Diseases that affect the brain or other parts of the central nervous system raise fascinating questions in neuroscience and are among the most disabling and complex conditions plaguing humankind. As populations around the world are living longer, neurodegenerative disorders have been rising in prevalence at an unprecedented pace. Effective treatments for these conditions are lacking and urgently needed.
Consequently, scientists at the Gladstone Institute of Neurological Disease maintain a strong focus on neurodegenerative and neuroinflammatory diseases, including Alzheimer’s disease and other dementias, Parkinson’s disease, amyotrophic lateral sclerosis (ALS), and multiple sclerosis. Because of intriguing overlaps between these conditions and other challenging brain diseases, they also study epilepsy and neuropsychiatric disorders, such as autism and obsessive compulsive disorders.
The investigators are searching for common threads that will allow them to identify therapeutic interventions that might benefit multiple conditions. They are using unconventional approaches to identify such multi-faceted solutions, while also leveraging capabilities in regenerative and personalized medicine.
To prepare tomorrow’s scientists for this mission, they are strongly committed to training and mentoring at all levels of education. Learn more about Gladstone’s training programs.
“Our goal is to discover the most impactful disease mechanisms and translate basic scientific discoveries into better treatments for patients.”
Major Scientific Achievements
Discovered Ways to Counteract Genetic Risk Factors of Alzheimer’s Disease
Gladstone scientists used disease models to identify molecular, cellular, and network mechanisms by which amyloid proteins and apolipoprotein E4 (apoE4), the most important genetic risk factor for the disease, may contribute to the development of Alzheimer’s disease. They also identified drugs that can counteract the detrimental effects of amyloid-β and apoE4.
Identified New Functions of Tau and Ways to Block Its Adverse Effects on the Brain
Investigators at Gladstone discovered that reducing brain levels of the protein tau prevents neural network dysfunction, cognitive decline, and behavioral abnormalities in models of diverse disorders, including Alzheimer’s disease, autism, and epilepsy. Efforts to translate these discoveries into better treatments for these conditions are in progress, including the development of small-molecule tau reducers.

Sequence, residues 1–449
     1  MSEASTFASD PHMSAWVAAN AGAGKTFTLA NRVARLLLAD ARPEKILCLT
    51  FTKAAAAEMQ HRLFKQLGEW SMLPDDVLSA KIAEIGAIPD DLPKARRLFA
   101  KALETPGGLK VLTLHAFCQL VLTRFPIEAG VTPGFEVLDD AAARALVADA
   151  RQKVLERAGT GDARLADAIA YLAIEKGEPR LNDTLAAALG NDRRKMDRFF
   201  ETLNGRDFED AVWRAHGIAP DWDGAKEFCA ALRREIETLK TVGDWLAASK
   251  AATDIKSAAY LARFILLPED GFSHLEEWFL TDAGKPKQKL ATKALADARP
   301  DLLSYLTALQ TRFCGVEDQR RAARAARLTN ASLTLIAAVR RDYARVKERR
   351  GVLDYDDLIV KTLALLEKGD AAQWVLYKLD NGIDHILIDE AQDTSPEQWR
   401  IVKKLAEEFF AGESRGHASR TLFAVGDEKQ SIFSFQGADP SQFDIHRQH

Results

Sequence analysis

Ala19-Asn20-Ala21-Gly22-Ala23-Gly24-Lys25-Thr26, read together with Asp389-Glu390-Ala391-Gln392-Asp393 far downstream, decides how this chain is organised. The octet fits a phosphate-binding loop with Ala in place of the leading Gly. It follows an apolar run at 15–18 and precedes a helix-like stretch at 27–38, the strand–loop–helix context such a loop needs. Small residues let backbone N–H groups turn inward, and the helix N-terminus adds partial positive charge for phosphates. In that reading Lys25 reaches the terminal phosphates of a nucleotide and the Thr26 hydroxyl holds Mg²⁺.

Revealed How Blood-Brain Barrier Disruptions and Abnormal Immune Responses Lead to Neurological Disease
Gladstone researchers showed that leakage of blood proteins through the damaged blood-brain barrier triggers abnormal immune responses that may promote the degeneration of brain cells and their connections in Alzheimer’s disease, multiple sclerosis, and other conditions. They also identified alterations in brain cells called glia that could promote memory loss and neurodegeneration, and developed new strategies to block the disease-promoting activities of these cells.
Demonstrated How Neuronal Dysfunctions Can Contribute to Neurological and Psychiatric Disorders
Investigators at Gladstone unraveled how alterations in the activity of specific types of neurons in the brain can cause memory loss, obsessive compulsive behaviors, or movement disorders, such as Parkinson’s disease and dystonia. They also developed investigational strategies to overcome these abnormal brain activities through the transplantation of molecularly engineered precursor cells, deep brain stimulation, and drug treatments.
Detected Subclinical Epileptic Activity and Discovered New Ways to Stop Seizures
Gladstone scientists demonstrated that hard-to-detect, non-convulsive epileptic activity is a key feature of Alzheimer’s disease and that it may promote cognitive decline. They have developed innovative approaches to prevent brain networks from becoming overactive, to stop seizures, and to protect against cognitive impairments. They are pursuing novel therapies to prevent and treat epileptic activity resulting from traumatic brain injury, stroke, or Alzheimer’s disease.
President Emeritus and Senior Investigator, Gladstone Institute of Neurological Disease
We recognized early on that many brain disorders are multi-causal in nature and, therefore, will likely require a multi-pronged therapeutic approach. To meet this challenge, we assembled a highly interactive team of investigators with complementary areas of expertise who are tackling important unresolved problems in neuroscience in unorthodox ways and with unusual levels of creativity and courage.
“We are on the cusp of several important advancements to better understand, prevent, treat, and—ultimately—cure some of the most devastating diseases.”
Our goal is to discover the most impactful disease mechanisms and translate basic scientific discoveries into better treatments for patients. We are on the cusp of several important advancements to better understand, prevent, treat, and—ultimately—cure some of the most devastating diseases affecting the central nervous system.
Scientific Advisory Board
Carol A. Barnes, PhD
Evelyn F. McKnight Brain Institute
Columbia University College of Physicians & Surgeons
Fred H. Gage, PhD
Salk Institute for Biological Sciences
Joseph B. Martin, MD, PhD
Department of Neurobiology
Harvard Medical School
Richard Ransohoff, MD
Third Rock Ventures
Dennis J. Selkoe, MD
Ann Romney Center for Neurologic Diseases
Brigham and Women’s Hospital
Harvard Medical School
D. James Surmeier, PhD
Feinberg School of Medicine
Li-Huei Tsai, PhD
Picower Institute for Learning and Memory
Department of Brain and Cognitive Sciences
Massachusetts Institute of Technology